The city of London, England, is in select company. If you think about it, there really are not many destinations in the world with more than three star attractions. Many of the places we visit have one major known landmark that alone, draws tourists in. From this one landmark, we gradually get to know the rest of the city.
Not London though. London is special in that regard. Most people would consider it a prodigious challenge to whittle Great Britain’s capital’s attractions down to one, must-see list. There are just so many famous points of interest in the city to consider. To banish one place in favor of another can cause quite the outcry and controversy in the realm of world travel. You might consider Harrods must-see for example, or Piccadilly Circus. Perhaps Wembley Stadium, The London Eye or Trafalgar Square. None of those five however, made the cut below. Not that they do not merit a place on your London itinerary. Rather the opposite. But in the game of what constitutes a “must-see” attraction, what separates one from another, is quite a matter of opinion and fine details
With that in mind, here are ten attractions in London that are without question, must-see.
The official residence of the Queen is a veritable museum. Exclusive tours of the State Rooms, fine art collection and Garden, with a special palace guide, are available by reservation well in advance. The famous Guard Change takes place every day at 11:30 between May and July and every other day for the rest of the year.
Tower of London
The official name of the UNESCO World Heritage Tower of London is Her Majesty’s Royal Palace and Fortress. The original White Tower was built in 1078 by King William I and the Crown Jewels of the United Kingdom have been kept on site since 1303.
Since 1753, the British Museum has been the foremost institution in the world to document human culture. The breadth of the facility’s collection is too vast to comprehend, though more than 6 million visitors a year try.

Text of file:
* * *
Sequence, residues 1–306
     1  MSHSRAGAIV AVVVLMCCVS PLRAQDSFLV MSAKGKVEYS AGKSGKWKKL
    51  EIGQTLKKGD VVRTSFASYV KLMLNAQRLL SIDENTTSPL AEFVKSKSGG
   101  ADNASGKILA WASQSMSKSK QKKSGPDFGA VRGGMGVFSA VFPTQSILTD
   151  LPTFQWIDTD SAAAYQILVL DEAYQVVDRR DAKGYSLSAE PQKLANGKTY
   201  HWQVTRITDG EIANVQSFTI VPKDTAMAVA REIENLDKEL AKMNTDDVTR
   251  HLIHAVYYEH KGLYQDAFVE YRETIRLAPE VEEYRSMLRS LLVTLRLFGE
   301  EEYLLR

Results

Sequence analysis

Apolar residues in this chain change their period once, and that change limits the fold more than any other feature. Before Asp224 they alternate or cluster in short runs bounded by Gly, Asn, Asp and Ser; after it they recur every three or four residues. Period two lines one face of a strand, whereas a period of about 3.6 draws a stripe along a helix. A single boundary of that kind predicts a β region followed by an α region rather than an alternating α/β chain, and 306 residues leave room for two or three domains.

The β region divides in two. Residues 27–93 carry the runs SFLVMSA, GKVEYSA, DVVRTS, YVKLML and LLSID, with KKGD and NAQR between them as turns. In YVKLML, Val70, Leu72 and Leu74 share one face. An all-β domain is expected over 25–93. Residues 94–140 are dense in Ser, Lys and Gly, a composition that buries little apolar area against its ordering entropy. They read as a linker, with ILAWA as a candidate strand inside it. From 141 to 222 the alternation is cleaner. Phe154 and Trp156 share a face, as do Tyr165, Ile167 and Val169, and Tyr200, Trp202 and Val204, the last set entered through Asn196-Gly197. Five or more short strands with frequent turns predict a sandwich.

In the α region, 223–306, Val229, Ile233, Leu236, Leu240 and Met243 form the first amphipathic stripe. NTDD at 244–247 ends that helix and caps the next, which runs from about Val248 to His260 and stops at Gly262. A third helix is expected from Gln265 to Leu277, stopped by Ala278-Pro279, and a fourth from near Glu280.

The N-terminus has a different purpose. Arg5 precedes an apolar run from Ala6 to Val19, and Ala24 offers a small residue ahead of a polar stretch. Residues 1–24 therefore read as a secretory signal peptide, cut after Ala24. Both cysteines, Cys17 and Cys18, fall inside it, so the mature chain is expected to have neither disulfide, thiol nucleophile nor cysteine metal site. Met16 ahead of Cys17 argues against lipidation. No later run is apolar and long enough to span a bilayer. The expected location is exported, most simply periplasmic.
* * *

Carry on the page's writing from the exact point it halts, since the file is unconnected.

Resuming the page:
Popular lore has it that the site of the Collegiate Church of Saint Peter at Westminster has been holy ground since the middle of the 7th century. Whatever the case, the familiar Gothic form of the UNESCO World Heritage Site originates with Henry III in 1245.
Palace of Westminster
The official name of Parliament in the United Kingdom, the Palace of Westminster is home to the House of Lords and the House of Commons, though Big Ben is the most famous landmark on site. Tours of the interior are available for international visitors in summer only, when Parliament is not in session.
With a fabulous collection of well over 2,000 works of art from the 13th century to about 1900, the National Gallery on Trafalgar Square is a popular and worthwhile attraction in London.
Royal Albert Hall
One of the premier concert halls in the world, Royal Albert Hall has been a national treasure since Queen Victoria’s dedication in 1871. From The Proms orchestral music festival, held every summer since 1941, to Bob Dylan, the fabulous interior has seen a wide range of acts that span almost every musical genre.
The crown jewel in the gallery collection known simply as the Tate, one could well avow that the Modern is the best museum of international modern art in the world. Since May 2000, the museum has been one of the most popular attractions in London and sits conveniently across Millenium Bridge from St. Paul’s Cathedral.
Natural History Museum
Why is the Natural History Museum must-see? For over 70 million items that span the disciplines of botany, entomology, mineralogy, palaeontology and zoology, that’s why. If you’re at all curious about the planet you inhabit, the museum is a boundless source of awe.
St. Paul’s Cathedral
The present St. Paul’s Cathedral dates back to the 17th century, although all told, there have been at least four others in London since the year 604. Open to the public and recently restored, a superb view of the city is available to those who climb the 530 steps to St. Paul’s Golden Gallery.